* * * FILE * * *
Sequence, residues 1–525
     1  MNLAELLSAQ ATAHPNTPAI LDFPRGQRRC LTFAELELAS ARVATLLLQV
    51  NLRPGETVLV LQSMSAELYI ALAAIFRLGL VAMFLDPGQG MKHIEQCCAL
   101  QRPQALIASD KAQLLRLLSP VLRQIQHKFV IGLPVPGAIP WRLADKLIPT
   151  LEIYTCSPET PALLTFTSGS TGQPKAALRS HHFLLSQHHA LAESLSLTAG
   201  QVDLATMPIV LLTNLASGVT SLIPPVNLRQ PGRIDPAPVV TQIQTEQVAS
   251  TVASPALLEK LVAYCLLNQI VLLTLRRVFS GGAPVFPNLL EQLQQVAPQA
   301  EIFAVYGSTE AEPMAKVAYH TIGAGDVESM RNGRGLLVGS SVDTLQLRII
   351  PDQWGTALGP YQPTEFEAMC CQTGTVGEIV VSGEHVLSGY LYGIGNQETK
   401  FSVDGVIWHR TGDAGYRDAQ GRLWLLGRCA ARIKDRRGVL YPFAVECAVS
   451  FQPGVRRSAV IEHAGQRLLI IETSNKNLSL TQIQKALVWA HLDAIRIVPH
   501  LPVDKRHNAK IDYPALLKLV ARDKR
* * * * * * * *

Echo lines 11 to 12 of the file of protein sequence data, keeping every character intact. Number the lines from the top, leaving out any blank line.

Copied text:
   451  FQPGVRRSAV IEHAGQRLLI IETSNKNLSL TQIQKALVWA HLDAIRIVPH
   501  LPVDKRHNAK IDYPALLKLV ARDKR